Texting and Driving: Is it a Sin?

Dr Taylor Marshall writes:

Is texting and driving a car sinful? I am certainly guilty of it. In fact, I did it today on the way home from a Saint George campout (the campout was lots of fun by the way. 80 sons and fathers. Holy Mass. Rosaries. Divine Mercy. Photos coming soon).

While I was on the campout, I learned that one of my former students rolled his truck. He survived. He was texting and driving. I know several people who have wrecked while texting. We know its dangerous, but we do it every day. I do it.

Texting and Driving and AT&Ts New Effort

I was reading Seth Godin’s blog (one of my favorites – remember my Lizard Brain post?) and he commented on AT&Ts new commercial to prevent texting while driving.

Godin, a master of human behavior, believes that AT&Ts commercial won’t work. Here are his four reasons why:

  1. The culture of the car as a haven, a roving office, and a place where you do what you like
  2. The culture of the Marlboro man, no speed limiters in cars, ‘optional’ speed limits on roads
  3. The culture of connection and our fear of being left out
  4. The culture of technology, and our bias to permit it first and ask questions later

Godin suggests that phone makers rig mobile devices to notify the person we’re texting that we’re driving. This creates peer-pressure or self-policing. The other option is to require wireless companies to ban texting when the phone is moving more than 20 miles per hour.

But is Texting and Driving Sinful?

So here’s the big question. Does texting and driving constitute a sin? Does it anger God? Drinking and driving is unethical. Gravely sinful. Drugs and driving? Unethical. Driving fast in a school zone. Unethical. Driving fast in a construction area with men at work? Unethical.

Why are these unethical driving practices? They are wrong because you are endangering the lives of other people.

Now texting does not impair the intellect, as do alcohol and drugs. However, texting and driving does impair the sense of sight – a key necessary element of driving. So is it wrong? Should I confess it?

Defining Imprudent Acts: Speed Racer Tattoo Example

I don’t think that I need to go to confession and say, “Father, I texted about 14 times in the last week while driving.” I don’t think it’s a sin per se, but I do think it qualifies as negative behavior or more strictly as an “imprudent act.”

Students often ask me, “Is XYZ a sin.” They are usually asking about tattoos, piercings, smoking cigars, or whatever college kids want to do. I usually suggest that such activities are “imprudent acts,” and not sins properly speaking.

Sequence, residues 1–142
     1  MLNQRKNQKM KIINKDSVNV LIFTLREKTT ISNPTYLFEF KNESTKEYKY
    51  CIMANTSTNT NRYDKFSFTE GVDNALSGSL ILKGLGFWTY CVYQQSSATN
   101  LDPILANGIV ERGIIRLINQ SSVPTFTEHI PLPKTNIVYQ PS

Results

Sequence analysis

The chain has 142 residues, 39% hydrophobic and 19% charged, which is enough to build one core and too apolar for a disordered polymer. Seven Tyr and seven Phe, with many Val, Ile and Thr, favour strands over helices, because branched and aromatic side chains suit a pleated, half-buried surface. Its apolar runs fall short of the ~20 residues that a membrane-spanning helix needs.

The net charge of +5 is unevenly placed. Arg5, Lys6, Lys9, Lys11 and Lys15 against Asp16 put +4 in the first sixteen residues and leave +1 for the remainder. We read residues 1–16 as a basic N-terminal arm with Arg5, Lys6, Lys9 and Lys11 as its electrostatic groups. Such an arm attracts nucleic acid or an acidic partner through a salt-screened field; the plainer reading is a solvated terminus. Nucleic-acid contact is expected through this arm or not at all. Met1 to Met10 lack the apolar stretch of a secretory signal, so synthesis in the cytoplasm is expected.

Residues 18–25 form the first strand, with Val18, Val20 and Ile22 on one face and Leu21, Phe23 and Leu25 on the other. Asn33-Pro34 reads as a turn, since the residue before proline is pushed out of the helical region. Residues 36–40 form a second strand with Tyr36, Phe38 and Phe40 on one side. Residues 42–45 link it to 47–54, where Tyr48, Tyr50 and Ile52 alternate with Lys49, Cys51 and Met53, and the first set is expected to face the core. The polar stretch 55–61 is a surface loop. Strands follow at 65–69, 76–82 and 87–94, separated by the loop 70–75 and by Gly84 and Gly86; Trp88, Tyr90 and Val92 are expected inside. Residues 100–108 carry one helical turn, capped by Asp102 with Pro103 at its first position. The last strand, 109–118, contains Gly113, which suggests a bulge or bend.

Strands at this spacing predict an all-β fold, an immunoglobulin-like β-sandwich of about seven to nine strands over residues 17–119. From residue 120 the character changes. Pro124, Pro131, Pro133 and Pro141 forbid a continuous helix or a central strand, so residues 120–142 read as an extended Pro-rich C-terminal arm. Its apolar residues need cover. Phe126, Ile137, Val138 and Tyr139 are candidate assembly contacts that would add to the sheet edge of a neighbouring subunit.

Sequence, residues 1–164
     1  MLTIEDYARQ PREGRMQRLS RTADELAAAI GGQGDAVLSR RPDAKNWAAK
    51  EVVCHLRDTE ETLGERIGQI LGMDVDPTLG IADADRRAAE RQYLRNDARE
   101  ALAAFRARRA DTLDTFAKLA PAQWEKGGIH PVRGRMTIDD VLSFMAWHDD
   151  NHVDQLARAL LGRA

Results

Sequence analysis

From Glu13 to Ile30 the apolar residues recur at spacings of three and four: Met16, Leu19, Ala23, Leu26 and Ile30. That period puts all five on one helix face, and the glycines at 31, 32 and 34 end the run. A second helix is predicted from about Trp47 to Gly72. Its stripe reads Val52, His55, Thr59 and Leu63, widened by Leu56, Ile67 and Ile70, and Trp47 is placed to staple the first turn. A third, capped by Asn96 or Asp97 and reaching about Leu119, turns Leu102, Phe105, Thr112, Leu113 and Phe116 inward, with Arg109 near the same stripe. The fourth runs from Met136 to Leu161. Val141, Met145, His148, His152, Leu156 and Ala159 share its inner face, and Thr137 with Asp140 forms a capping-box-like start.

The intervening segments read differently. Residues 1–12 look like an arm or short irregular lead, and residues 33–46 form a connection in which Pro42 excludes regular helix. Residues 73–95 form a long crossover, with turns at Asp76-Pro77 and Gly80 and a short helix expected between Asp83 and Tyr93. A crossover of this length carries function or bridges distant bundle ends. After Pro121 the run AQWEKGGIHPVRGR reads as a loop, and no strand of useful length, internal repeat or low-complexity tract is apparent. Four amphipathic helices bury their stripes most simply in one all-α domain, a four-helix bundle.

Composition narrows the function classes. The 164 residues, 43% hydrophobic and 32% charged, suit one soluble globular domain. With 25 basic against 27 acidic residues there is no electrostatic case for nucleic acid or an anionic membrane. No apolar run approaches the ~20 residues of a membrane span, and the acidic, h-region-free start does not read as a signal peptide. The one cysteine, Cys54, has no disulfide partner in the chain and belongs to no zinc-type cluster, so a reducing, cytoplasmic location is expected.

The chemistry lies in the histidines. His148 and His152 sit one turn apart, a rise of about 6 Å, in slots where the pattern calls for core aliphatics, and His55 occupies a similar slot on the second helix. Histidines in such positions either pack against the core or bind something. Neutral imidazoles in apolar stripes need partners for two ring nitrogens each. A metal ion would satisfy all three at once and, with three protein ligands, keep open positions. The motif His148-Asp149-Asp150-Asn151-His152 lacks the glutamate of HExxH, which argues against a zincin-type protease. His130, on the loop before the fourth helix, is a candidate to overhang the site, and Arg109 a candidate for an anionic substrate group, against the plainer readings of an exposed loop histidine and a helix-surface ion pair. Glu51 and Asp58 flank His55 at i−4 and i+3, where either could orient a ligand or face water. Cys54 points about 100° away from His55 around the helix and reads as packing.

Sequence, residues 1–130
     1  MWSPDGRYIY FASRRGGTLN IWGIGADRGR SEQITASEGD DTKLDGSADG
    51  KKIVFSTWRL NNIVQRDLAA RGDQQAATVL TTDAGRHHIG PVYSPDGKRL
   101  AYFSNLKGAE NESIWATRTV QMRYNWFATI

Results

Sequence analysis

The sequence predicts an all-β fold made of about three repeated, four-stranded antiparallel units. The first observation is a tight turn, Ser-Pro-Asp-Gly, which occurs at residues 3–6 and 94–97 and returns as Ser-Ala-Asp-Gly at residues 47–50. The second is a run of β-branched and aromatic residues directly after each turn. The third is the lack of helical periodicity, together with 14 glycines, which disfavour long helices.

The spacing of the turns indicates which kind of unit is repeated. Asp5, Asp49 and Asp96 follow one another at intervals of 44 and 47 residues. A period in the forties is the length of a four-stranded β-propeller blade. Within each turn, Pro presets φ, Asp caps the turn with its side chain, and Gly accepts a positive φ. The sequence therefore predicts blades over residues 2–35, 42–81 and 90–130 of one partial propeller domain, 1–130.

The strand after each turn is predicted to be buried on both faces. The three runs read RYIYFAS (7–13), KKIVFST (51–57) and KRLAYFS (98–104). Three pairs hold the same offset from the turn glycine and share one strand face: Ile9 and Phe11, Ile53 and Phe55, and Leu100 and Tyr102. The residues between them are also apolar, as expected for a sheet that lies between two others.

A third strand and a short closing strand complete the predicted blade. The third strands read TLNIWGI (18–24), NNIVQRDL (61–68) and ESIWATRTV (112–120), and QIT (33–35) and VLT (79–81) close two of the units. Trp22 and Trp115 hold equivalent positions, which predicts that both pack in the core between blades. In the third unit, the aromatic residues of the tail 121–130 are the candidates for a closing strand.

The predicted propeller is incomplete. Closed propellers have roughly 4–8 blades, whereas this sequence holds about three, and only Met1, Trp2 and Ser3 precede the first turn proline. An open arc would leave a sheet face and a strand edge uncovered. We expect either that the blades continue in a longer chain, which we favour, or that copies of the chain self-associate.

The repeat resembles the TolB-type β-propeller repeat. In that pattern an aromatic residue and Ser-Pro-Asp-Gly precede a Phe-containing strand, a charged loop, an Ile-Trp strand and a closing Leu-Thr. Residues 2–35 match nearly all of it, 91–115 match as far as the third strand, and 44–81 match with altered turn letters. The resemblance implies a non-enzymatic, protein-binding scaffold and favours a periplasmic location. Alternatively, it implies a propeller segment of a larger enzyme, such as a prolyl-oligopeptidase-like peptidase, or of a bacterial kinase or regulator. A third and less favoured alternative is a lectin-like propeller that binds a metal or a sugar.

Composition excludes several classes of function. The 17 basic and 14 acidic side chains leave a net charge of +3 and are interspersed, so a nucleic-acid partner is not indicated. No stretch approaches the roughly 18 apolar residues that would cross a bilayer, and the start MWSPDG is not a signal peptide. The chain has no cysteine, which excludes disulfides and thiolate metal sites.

However, if you have a tattoo on your face or a devil on your back, you need to talk to a priest. Not good.

But if you got excited in the 1990s and have a tattoo of Speed Racer on your upper arm, that’s simply an imprudent act. You have a dated Japanese anime character ink-stained into your human flesh. Sorry bro. That was gravely imprudent. Did you incur the wrath of God? I don’t know if I’d go that far, but you lacked prudence. With your Speed Racer anime inkspot, you may never find a wife. Even more, the dudes at the gym are laughing at you behind your back. Nothing says 90s dork than Speed Racer.

[Disclosure: I actually did see a dude with a Speed Racer tattoo at Lollapalooza way back in 1994.]


My opinion, not magisterial pronouncement, is that texting and driving falls under “imprudent acts.”

What I usually try to do is use the iPhone speech to text option. For example:

“Dear Joy, do you want to pick up some Popeyes?”

Unfortunately speech to text turns this into:

“Deer toy do you want me to pick epson drop byes?”

Fortunately, she’s pretty good at deciphering these kind of texts!



8 thoughts on “Texting and Driving: Is it a Sin?

  1. Bringing ancient language into modern parlance… is texting while driving an error, mistake or transgression against the greater whole – yes, since someone could potentially get dangerously hurt or cause a fatality – both to the driver and others. The word ‘sin’ carries such heavy dogma, which your term ‘imprudent act’ helps mediate and interpret for various circumstances. But that sign lightens things up (hilarious) while also effectively getting the serious message across – don’t text & drive!

    1. As believing confessing Christians “sin” is NOT ancient language. It is an inherent part of our liturgies (e.g., see Nicean Creed). And sin is far more than an error, mistake, or transgression. It involves God and His plan for His universe.

      I believe the consensus of the best studies is that texting while driving is as dangerous as drunk driving. In addition, many jurisdictions (e.g., my state) make it illegal. I often see PSAs on TV discussing the clear and present danger posed to self and others by engaging in this activity.

      If anyone chooses to text and drive knowing how potentially dangerous it is, that person is sinning. They are putting their own selfish desire over the safety needs of others. They are willing to risk murdering someone for their own pride. Seems like “sin” to me. Or as the RCC’s CCC says,

      “The [5th] commandment forbids doing anything with the intention of indirectly bringing about a person’s death. The moral law prohibits exposing someone to mortal danger without grave reason. … one is not exonerated from grave offense if, without proportionate reasons, he has acted in a way that brings about someone’s death, even without the intention to do so.”

      Or as the Westminster Larger Catechism says of the same commandment, their 6th: